Own the Immunosuppressants!

Five minute teaching 002

Author: Paul Nixon
Reviewer: Chris Nickson

If you’re looking after transplant patients in the ICU, it is critical that you get the immunosuppression right. You need to OWN THE IMMUNOSUPPRESSANTS!

At The Alfred ICU we have a regular 5 minute teaching session that covers the basics of transplant immunosuppression. If you can answer the questions below, you’ll be on your way to becoming a transplant immunosuppression guru.

Q1. Why is immunosuppression used?

Required post-transplantation to prevent both

  • Acute humoral rejection (B cell antibody mediated)
  • Chronic cell mediated rejection (T cell mediated)

Q2. What types of immunosuppressant drugs are used?

Almost always 3 classes of immunosuppressive drugs are used simultaneously!

  1. Corticosteroids
  2. Anti-metabolites (e.g. azithioprine, mycophenolate)
  3. Calcineurin inhibitors (CNI) (e.g. tacrolimus, cyclosporin)

Q3. How are they given?

Loading dose prior to theatre

  • oral dose of anti-metabolite
  • oral dose of CNI (if renal function ok)

Loading dose in theatre

  • 2 x 500mg methylprednisolone IV

Maintenance doses

  • Corticosteroid
    – Tapering dose of methylprednisolone / prednisolone over 2 weeks
    – Usually remain on ~ 20mg / day
  • Mycophenolate / Azathioprine
    – IV dosing until absorbing feeds then transition to oral
    – Mycophenolate BD dosing
    – Azathioprine daily dosing
  • CNI
    – IV dosing until absorbing feeds then transition to oral
    – BD dosing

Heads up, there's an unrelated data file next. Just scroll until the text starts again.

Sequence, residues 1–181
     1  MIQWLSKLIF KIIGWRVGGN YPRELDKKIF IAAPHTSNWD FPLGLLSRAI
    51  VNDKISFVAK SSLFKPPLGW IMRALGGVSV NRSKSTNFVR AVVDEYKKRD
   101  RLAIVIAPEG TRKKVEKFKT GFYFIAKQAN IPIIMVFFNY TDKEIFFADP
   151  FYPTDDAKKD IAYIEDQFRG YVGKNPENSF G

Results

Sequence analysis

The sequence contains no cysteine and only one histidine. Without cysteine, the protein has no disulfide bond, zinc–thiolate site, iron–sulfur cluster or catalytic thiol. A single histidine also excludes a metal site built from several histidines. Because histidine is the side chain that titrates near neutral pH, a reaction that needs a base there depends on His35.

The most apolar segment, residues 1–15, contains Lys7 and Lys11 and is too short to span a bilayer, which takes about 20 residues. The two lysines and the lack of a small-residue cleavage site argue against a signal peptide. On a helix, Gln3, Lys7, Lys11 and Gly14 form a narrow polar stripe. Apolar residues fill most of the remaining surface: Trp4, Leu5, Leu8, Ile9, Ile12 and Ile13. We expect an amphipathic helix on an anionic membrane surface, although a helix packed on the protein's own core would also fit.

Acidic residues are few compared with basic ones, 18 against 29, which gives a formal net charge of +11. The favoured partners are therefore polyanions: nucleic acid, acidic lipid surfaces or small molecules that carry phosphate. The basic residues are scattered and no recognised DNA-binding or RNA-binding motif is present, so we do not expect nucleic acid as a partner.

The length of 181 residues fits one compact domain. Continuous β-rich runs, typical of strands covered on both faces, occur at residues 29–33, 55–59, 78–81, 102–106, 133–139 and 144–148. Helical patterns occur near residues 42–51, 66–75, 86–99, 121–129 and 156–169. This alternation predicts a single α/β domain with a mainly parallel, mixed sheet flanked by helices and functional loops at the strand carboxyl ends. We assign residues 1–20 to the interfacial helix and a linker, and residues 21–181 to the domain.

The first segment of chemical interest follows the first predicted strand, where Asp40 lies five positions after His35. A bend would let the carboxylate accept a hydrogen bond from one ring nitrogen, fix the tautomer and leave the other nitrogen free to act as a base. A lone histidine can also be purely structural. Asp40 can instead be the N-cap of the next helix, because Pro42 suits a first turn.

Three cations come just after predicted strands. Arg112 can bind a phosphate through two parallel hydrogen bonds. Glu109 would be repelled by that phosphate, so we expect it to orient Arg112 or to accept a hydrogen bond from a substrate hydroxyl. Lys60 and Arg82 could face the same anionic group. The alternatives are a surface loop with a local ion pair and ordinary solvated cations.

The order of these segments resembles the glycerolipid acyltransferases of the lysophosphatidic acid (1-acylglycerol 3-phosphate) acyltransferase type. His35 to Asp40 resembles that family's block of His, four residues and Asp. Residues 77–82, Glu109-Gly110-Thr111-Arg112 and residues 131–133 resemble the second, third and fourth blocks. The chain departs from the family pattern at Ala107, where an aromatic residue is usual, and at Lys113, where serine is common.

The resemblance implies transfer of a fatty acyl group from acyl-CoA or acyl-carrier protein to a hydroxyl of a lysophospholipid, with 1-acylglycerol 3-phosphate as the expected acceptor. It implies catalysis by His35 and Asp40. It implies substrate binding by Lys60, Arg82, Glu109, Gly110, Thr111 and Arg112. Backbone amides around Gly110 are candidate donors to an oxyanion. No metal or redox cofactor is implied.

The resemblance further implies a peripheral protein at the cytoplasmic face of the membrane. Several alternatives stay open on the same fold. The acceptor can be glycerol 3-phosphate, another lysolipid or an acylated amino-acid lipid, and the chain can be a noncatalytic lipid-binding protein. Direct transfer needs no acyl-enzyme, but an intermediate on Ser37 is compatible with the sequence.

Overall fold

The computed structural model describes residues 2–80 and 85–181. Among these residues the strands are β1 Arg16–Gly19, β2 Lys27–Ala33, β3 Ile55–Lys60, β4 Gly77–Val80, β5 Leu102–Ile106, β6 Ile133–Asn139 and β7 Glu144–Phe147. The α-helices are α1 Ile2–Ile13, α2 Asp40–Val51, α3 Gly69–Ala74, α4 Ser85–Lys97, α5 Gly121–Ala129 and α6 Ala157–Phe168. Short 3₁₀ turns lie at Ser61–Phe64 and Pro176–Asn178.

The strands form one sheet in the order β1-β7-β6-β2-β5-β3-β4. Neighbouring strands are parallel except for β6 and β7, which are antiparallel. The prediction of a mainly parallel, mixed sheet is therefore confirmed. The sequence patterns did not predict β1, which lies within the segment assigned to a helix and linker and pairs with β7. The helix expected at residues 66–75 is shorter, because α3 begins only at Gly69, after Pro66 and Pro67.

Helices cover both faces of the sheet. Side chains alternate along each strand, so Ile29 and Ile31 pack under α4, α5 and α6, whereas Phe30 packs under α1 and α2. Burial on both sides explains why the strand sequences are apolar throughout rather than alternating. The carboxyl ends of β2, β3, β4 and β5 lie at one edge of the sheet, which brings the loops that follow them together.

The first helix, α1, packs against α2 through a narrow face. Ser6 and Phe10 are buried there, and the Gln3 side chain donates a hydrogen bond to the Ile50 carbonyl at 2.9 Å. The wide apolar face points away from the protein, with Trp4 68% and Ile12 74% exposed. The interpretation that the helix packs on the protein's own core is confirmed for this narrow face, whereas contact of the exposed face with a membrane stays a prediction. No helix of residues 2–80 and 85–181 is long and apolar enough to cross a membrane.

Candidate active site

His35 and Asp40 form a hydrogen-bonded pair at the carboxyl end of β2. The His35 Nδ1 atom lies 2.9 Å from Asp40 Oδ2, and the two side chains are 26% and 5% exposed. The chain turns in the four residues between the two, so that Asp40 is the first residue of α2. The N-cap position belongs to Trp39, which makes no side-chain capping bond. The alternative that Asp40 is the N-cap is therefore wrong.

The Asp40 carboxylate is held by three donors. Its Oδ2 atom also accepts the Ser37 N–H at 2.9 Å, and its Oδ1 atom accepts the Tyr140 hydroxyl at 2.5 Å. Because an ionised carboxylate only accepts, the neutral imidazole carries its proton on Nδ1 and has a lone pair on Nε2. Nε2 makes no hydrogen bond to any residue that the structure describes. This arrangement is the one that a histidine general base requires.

Q4. What are some other options if a CNI is contraindicated or if the patient is intolerant of CNIs?

If a CNI is contraindicated (eg. pre-existing kidney disease):

  • Basiliximab (Simulect) can be used
  • This is a monoclonal antibody that has taken over the role of ATGAM

When patients are intolerant of CNI:

  • Occasionally a proliferation inhibitor is used
  • Everolimus or sirolimus

Q5. What are the important side effects of the different immunosuppressant drugs?

All classes

  • opportunistic infections
  • common hospital acquired infections

Corticosteroids

  • hyperglycaemia
  • hypertension
  • osteoporosis (chronic use)
  • peptic ulcers

Calcineurin inhibitors – tacrolimus and cyclosporin

  • acute kidney dysfunction
  • electrolyte disturbance (low magnesium)
  • diabetes mellitus
  • hyperlipidaemia
  • neurological disturbance including seizures and posterior reversible encephalopathy syndrome (PRES)

Mycophenolate

  • gastrointestinal disturbance

Azithioprine

  • leucopaenia
  • gastrointestinal disturbance
  • hepatitis and pancreatitis

Q6. How do these immunosuppressant drugs work?

The short and highly simplified answer is that, essentially, they all block signalling from T cell to T cell and between T cells and B cells, and they  target some point in the IL-2 signalling pathway.

Immunologic mechanisms leading to graft rejection and sites of action of immunosuppressive drugs are shown in this figure from Lindenfeld et al, 2004.

References and Links

  • Lindenfeld J, Miller GG, Shakar SF, Zolty R, Lowes BD, Wolfel EE, Mestroni L, Page RL 2nd, Kobashigawa J. Drug therapy in the heart transplant recipient: part I: cardiac rejection and immunosuppressive drugs. Circulation. 2004 Dec 14;110(24):3734-40. Review. PubMed PMID: 15596559. [Free Full Text]

Leave a Reply

This site uses Akismet to reduce spam. Learn how your comment data is processed.